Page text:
Give them a chance

Give them a chance

Old souls are being forgotten about. 

I don’t mean those that reside within grandparents or someone who puts on a facade of being older than they are, but rather those who have four furry legs, and a chippy, wagging tail: dogs. We see the ASPCA commercials that show off the sad eyes of those who need homes, many of which have a certain youth that many find charming.

Yet, we forget about an entire population that has hearts the size of mountains and simple needs that we can provide.

Older dogs are forgotten about. 

They are seen as fragile; they are seen as a lengthy vet bill; they are seen as unlovable solely due to their age.

Yet, older dogs hold a spark within them that is invisible to many — all they need is a chance to show it. They need a chance to be loved. They need an opportunity to have a sense of family. They need a chance to have a sense of belonging. 

Older dogs are always neglected when it comes to adoption. Families tend to choose the fluffy little puppies that are guaranteed years upon years of love, rather than a soul that is greying at the eyes.

Quite recently, I was ignorant towards this. I felt that adopting a young pup would be much better than getting an older dog. It wasn’t until I met Sugar that I found out that giving these older dogs a chance can unleash a plethora of youth that they were never able to display prior.

We first discovered Sugar during the summer of last year when my mom and I were sitting on the couch watching House Hunters. The picture depicted a small white and brown chihuahua, with bright brown eyes and wrapped in a cream-colored fleece blanket.

We then proceeded to scroll down to her age and saw that she was nine-years-old. She was considered to be an elderly dog; however, we didn’t see her age. We instead saw this poor dog who had not had a real home for nine years of her life. She had never experienced real love from a forever home before.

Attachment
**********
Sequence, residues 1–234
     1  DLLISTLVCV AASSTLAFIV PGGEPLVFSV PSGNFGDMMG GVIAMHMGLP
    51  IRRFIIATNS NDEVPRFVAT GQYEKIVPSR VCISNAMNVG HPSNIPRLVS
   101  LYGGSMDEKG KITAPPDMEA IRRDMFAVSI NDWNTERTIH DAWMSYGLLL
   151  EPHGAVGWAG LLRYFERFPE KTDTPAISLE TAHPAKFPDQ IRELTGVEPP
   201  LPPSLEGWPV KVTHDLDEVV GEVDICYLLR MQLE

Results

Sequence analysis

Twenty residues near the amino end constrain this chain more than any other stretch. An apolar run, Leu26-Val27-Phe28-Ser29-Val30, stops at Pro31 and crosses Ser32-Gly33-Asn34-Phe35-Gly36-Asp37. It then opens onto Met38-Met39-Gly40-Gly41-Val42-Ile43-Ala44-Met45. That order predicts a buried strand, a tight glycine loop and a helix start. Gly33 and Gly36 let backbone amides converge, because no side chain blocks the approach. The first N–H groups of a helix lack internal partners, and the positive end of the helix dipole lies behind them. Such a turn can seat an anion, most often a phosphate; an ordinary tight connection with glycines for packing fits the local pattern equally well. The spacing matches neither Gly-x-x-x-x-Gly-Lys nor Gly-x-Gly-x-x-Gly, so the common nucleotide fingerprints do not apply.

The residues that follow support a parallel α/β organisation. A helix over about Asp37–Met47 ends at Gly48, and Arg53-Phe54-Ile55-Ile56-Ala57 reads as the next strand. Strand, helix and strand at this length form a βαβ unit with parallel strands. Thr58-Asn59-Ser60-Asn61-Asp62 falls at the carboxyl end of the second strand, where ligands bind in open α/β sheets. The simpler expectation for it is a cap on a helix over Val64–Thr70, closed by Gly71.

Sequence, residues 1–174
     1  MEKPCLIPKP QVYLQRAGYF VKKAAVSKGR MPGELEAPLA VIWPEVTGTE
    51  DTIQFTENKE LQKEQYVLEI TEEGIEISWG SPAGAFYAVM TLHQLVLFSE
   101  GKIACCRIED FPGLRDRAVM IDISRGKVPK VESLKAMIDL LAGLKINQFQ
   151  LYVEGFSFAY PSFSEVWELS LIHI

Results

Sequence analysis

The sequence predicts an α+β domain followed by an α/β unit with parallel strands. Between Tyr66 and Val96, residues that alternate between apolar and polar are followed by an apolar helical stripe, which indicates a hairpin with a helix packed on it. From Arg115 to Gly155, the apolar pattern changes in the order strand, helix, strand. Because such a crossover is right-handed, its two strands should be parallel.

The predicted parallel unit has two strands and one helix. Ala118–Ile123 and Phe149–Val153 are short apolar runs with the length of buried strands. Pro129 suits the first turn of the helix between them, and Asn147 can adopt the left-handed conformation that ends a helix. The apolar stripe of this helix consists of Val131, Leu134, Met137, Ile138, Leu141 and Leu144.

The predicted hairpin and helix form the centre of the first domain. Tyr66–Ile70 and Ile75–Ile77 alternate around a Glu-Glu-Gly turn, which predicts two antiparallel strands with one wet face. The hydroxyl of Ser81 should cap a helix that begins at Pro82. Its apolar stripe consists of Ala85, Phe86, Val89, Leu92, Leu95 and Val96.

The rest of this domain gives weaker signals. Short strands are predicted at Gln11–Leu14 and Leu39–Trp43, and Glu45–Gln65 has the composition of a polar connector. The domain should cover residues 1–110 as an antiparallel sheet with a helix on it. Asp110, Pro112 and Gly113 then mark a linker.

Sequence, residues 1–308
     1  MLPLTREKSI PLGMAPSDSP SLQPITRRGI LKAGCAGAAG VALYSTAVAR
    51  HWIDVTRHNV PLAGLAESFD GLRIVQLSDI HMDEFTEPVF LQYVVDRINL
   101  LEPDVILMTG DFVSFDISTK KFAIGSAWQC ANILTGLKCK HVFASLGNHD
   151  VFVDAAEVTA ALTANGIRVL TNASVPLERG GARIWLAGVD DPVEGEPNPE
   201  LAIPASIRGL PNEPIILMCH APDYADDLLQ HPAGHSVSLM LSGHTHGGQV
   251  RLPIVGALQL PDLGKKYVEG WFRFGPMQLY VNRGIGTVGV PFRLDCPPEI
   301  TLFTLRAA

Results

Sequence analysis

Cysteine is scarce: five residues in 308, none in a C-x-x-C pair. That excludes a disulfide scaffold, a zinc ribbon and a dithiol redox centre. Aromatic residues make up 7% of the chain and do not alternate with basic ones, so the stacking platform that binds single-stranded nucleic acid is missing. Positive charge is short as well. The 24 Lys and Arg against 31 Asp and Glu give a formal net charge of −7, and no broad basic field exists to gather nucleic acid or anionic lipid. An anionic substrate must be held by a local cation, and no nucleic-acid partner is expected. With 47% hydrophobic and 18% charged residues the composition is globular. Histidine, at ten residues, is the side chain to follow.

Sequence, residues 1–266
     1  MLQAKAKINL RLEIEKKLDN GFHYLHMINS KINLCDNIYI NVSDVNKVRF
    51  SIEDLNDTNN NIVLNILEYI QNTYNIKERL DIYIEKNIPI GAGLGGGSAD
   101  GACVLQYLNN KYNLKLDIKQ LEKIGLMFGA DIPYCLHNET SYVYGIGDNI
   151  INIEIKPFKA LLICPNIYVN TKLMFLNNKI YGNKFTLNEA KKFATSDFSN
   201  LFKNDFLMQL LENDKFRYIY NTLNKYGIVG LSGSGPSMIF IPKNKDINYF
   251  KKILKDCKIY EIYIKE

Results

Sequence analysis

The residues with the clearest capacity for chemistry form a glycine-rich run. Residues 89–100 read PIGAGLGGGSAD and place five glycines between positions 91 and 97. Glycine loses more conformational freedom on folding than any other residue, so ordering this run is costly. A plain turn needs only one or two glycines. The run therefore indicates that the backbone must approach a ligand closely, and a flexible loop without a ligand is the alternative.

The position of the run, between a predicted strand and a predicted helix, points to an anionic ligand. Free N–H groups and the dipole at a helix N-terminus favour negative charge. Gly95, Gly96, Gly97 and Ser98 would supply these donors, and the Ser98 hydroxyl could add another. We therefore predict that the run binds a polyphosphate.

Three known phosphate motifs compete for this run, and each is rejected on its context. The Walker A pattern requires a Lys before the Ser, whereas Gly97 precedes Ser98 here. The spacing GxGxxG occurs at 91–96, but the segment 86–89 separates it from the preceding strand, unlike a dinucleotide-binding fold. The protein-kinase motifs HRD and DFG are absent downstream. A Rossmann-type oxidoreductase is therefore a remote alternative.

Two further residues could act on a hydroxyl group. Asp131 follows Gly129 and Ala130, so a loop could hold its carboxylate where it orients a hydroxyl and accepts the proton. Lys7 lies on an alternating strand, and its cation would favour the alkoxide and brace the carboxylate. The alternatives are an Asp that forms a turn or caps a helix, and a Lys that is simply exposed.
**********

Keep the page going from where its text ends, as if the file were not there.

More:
We were hooked.

We called the rescue center that she was located at, and we went to visit her. Right then and there, we knew that she was a part of our family. 

She was perfect.

She brought about her a different type of spunk that I have never seen in any of my other dogs— she certainly goes against all stereotypes that older dogs carry with them. 

She scurries all around the house like a wild animal.

She uses her faint, little voice to bark and howls like a beast at the other dogs when they get in her way.

She loves to play and spend time with people—which is unusual for many chihuahuas.

What I learned from this extraordinary pup is that age really is just a number. 

It is such a cliche, yet it is so true. Her age does not define her. She carries the liveliness that a one-year-old puppy has, yet her nine years masks that, and it masks her inner youth.

All she needed was a glimmer of a chance in this world.

Dogs are quite simple; they need love.

It is up to society to give them that so desired love before their time closes, and they never feel what it is like to be a part of a family.